Every Friday, we bring to you the top five international stories of the week, with a particular emphasis on religious liberty, justice issues and geopolitical issues that impact liberty and justice.
1. Two Palestinians carry out shooting in Tel Aviv, killing four and wounding 16. The two shooters were cousins from the West Bank town of Yatta. The attack took place in the middle of a large outdoor market and shopping center popular among locals. In response, the Israeli military has restricted Palestinian access to Jerusalem, a significant issue as Muslims are now celebrating Ramadan across the world.
2. Yemeni government releases 54 children captured during conflict against Houthis. The Saudi government facilitated the release and accused the Houthi rebels of using child soldiers in the conflict. Reuters: “It was not clear how many child prisoners are being held in all, but Yemeni political sources say that the Houthis and the government submitted in late May a list of nearly 7,000 names of prisoners they say are being held by the other side.”
3. The migrant crisis in Europe continues; this week 300 migrants are rescued from capsized boat in Mediterranean. With summer months bringing warmer temperatures, the flow of migrants from the Middle East and North Africa to Europe has been increasing. This is despite the EU’s efforts to reduce the flow of migrants through a shift in policy and a controversial deal with Turkey. BBC: “In a separate incident, ‘more than 100 bodies’ were recovered off the coast of Libya, the AP news agency said.”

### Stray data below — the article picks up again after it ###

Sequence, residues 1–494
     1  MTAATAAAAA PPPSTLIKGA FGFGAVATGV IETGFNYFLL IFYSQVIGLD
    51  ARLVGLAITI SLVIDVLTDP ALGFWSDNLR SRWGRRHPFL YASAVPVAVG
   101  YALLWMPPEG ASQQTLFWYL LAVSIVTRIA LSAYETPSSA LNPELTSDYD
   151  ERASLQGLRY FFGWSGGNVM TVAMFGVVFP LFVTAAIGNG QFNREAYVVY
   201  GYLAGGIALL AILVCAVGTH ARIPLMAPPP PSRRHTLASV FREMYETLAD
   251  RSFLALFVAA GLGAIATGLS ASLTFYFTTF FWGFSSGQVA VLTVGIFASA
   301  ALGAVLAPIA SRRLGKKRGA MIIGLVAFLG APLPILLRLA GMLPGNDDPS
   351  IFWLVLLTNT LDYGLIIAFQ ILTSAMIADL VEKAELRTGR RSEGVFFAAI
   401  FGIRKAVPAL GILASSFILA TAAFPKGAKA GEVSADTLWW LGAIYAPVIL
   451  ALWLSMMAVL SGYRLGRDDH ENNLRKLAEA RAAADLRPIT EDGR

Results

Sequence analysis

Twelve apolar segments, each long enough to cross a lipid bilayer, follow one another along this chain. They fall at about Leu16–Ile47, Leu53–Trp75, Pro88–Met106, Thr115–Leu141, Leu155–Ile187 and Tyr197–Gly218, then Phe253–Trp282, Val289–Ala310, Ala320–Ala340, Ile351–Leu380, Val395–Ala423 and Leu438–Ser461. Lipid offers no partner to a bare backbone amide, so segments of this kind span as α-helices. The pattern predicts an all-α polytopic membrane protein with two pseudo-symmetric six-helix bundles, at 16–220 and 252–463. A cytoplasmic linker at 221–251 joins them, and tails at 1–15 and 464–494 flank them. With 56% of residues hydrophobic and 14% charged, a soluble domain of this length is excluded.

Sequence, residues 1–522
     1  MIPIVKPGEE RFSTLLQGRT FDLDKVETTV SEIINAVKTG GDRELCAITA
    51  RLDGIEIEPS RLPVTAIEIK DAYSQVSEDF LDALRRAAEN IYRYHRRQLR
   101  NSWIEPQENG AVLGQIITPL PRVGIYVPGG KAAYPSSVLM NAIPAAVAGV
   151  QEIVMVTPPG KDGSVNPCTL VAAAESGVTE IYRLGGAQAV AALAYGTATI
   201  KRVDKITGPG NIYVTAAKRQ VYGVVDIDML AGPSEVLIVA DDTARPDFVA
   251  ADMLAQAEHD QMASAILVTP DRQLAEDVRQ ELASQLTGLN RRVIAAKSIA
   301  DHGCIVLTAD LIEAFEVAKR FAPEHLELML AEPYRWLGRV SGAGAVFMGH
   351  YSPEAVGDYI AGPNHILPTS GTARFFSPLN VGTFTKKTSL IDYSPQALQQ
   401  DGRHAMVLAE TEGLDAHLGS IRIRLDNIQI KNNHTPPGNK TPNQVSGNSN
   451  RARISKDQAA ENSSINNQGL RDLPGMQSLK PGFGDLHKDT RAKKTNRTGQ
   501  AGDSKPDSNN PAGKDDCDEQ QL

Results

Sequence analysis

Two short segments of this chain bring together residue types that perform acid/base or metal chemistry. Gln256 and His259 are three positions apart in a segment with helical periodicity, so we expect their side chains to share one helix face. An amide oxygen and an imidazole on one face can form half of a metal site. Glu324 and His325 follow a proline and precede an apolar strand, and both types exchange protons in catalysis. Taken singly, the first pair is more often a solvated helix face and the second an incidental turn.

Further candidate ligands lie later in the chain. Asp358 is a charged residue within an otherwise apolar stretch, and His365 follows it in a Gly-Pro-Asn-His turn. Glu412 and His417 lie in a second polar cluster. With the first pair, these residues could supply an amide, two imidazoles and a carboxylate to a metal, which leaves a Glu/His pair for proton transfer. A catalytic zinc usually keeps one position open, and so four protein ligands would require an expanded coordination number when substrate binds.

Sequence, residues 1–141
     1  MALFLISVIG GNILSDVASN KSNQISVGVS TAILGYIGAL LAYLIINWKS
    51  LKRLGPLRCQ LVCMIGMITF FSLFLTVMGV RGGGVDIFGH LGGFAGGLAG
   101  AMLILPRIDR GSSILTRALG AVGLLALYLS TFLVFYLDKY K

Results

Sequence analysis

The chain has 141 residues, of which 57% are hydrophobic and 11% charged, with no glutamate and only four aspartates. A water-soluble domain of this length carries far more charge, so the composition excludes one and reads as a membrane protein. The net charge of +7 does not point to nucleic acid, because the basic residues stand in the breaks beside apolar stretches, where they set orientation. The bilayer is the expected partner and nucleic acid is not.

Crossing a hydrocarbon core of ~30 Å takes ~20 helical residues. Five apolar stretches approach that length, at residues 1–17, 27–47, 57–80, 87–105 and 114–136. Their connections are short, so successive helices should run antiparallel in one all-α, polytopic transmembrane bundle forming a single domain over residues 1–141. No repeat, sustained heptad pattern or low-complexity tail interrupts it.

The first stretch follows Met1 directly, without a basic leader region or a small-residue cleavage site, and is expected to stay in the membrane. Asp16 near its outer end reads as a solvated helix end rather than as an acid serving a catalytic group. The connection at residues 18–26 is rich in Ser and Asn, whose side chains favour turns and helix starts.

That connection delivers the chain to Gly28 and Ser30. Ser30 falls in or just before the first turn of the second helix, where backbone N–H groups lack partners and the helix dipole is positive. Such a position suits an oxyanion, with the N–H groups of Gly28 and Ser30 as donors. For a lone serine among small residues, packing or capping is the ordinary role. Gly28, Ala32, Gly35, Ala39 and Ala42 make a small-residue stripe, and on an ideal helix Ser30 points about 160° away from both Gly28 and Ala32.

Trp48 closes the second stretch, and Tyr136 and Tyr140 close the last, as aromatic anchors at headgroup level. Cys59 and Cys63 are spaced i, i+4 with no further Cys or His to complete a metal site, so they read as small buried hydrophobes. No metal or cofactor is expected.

4. German parliament approves resolution labelling Ottoman massacre of Armenians in 1915-16 a “genocide,” sparking tensions with Turkey. In retaliation, Turkey has withdrawn its diplomatic envoy to Germany. Yahoo: “The use of the word ‘genocide’ goes to the heart of a long-running battle for world opinion between Armenia and Turkey over the massacres committed a century ago. Armenia has led a decades-long campaign to have the bloodshed characterised as genocide, which Turkey rejects as a gross injustice. Ankara argues the killings were a collective tragedy in which equal numbers of Turks and Armenians died.”
5. German authorities arrested three Syrian men who had entered the country with a wave of migrants due to suspicion that the men were planning an ISIS attack on the city of Düsseldorf. According to the arresting authorities, the plot involved suicide bombers, firearms and explosives—reminiscent of the attacks in Paris and Brussels. Only a minute fraction of migrants coming have been arrested or killed while attempting to carry out terror plots. But this arrest draws attention to the threat that ISIS poses to Europeans while posing as migrants and the need for European governments to screen as best as possible those who they think they are providing asylum.
Have suggestions for a top five article this week or think there’s an issue we should be covering? Email me at [email protected].
*Matt Mihelic contributed to this post